EDUC 3045 Play: Life and Learning (3 credits)
    Explores the power of play and its impact on social, emotional and cognitive development across the lifespan. Through the review of current research, observations and participation in play, students will study essential elements of play in life and in learning.

    EDUC 4001 Society and Populations with Special Needs (3 credits)
    This course focuses on the changing role of special-needs populations and their relationship to society. The concept of disability, historical treatment of people with special needs, the growth of the special education movement, and personal/cultural perspectives are covered.

    EDUC 4003 Education of Exceptional Children (3 credits)
    Introduction to the education of children with special developmental and learning needs; concepts of cognitive modifiability; survey of prevailing and preferred educational practices for children significantly handicapped by physical, sensory, neurological, intellectual, and affective problems. Workshop on assistive technology; field observation in a self-contained special education facility. Prerequisite: either PSYC 1010, a minimum of 6 credits in EDUC, or permission of the instructor.

    EDUC 4004 Evaluation for the Exceptional Child (3 credits)
    Emphasis on the educators role as observer and evaluator of status and change in school behavior and achievement; concepts of process and product; normative and criterion measures of perceptual, motor, cognitive, and social-affective performance; application to the Individual Education Program required by Public Law 94142. Field experience in a special-education setting. Prerequisite: a minimum of 6 credits in EDUC or permission of the instructor.

    EDUC 4025 Problems in Special Education (3 credits)
    Addresses problems of definition, diagnosis, and questionable therapies in special education. Topics include ADHD, Asperger’s syndrome, vision therapy, and reading disabilities. Students learn to recognize these problems and research them.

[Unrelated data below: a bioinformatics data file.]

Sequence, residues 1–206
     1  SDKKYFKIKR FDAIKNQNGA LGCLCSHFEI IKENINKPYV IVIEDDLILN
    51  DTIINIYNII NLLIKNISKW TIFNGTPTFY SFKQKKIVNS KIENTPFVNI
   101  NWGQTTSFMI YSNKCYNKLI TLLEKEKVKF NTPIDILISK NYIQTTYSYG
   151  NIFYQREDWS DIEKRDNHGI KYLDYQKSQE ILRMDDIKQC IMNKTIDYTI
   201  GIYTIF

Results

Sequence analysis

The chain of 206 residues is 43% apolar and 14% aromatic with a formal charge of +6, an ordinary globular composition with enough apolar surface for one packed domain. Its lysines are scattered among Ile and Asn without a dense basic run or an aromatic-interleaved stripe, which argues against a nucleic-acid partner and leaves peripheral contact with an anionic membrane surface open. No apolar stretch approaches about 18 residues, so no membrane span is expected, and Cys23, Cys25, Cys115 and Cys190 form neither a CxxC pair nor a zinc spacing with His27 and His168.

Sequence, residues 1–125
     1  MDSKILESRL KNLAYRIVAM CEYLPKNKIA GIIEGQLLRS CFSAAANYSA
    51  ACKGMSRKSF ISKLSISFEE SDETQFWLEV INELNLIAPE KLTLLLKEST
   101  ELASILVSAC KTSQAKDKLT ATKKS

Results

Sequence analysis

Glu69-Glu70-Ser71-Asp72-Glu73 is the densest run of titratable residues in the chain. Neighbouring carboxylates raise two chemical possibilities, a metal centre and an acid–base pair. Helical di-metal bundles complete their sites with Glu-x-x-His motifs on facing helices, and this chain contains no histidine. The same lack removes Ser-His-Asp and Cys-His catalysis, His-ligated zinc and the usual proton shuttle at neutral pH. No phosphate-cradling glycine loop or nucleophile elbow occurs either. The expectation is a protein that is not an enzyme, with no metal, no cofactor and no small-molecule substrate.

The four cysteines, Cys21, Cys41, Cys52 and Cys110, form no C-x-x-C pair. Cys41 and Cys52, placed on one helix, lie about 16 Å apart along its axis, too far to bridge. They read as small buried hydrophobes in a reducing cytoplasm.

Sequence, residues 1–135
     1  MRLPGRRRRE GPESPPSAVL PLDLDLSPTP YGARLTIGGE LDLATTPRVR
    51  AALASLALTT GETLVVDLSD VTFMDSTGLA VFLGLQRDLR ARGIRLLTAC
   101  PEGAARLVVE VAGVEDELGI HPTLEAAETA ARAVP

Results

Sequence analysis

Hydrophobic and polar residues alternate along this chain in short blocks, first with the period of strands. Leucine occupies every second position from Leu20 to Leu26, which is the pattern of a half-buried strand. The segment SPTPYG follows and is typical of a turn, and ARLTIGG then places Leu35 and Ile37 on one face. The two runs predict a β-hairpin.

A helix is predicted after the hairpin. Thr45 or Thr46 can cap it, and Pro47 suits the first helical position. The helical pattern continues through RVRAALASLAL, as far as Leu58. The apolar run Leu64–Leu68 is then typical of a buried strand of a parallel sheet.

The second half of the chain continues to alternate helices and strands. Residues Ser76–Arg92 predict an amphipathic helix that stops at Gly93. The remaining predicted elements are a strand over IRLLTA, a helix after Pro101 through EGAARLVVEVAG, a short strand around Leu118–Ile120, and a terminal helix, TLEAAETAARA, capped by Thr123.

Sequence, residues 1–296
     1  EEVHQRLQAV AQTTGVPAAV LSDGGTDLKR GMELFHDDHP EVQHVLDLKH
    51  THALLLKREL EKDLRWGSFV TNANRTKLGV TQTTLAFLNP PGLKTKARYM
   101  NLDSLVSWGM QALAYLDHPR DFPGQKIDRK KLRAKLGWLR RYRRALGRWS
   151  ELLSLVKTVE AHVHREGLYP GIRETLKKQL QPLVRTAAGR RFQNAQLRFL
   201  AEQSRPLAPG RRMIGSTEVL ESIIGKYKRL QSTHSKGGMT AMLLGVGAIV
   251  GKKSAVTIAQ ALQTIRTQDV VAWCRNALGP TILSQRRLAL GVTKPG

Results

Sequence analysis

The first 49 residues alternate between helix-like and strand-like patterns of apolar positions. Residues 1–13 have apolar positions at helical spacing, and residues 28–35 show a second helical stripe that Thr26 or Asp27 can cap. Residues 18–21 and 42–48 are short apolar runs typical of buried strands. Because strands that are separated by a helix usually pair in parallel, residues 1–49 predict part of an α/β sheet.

EDUC 4061 Special Education Methods: Applied Behavioral Analysis (3 credits)
    A comprehensive and critical presentation of the theory, research, and methodology of Applied Behavior Analysis, with emphasis on improving learning, attention, and social behavior of children with special needs. Field observation in a special education facility.

    EDUC 4210 Curriculum Analysis and Adaptation (3 credits)
    An introduction to the complexities of a teacher’s involvement in curricular issues. Methods of curriculum analysis and adaptation applied to investigations of prepared curricula and the design of curriculum materials. Students conduct an in-depth, field-based study in a curriculum area of their choice.

    MATH 1010 Excursions in Mathematics (3 credits)
    This course is intended for non-science majors and Education majors. Several topics will be taught in depth from the following list: Sets of numbers, geometry, elements of probability and statistics, consumer mathematics, linear programming.

    PSYC 1010 Introductory Psychology (3 credits)
    One semester survey of topics in experimental methodology, biological basis of behavior, sensation, perception, learning, cognition, development, personality, assessment, and abnormal and social psychology. This course is a prerequisite for all upper-level psychology courses.

    PSYC 1107 Developmental Psychology: Life Span (3 credits)
    Introduces the student to the theory, empirical research, and applied issues in developmental psychology from conception to old age. Focus on cognitive, personality, social, and emotional aspects of development as well as on values and moral behavior. Special emphasis on stability and change throughout the life span in each of these areas. Prerequisite: PSYC 1010.

     

    EDUC 4901, EDUC 4902 Independent Study
    See Academic Information and Policies section.

    EDUC 4930, EDUC 4931 Selected topics in Education (3 credits)

    EDUC 4935, EDUC 4936 Topics in Special Education (3 credits)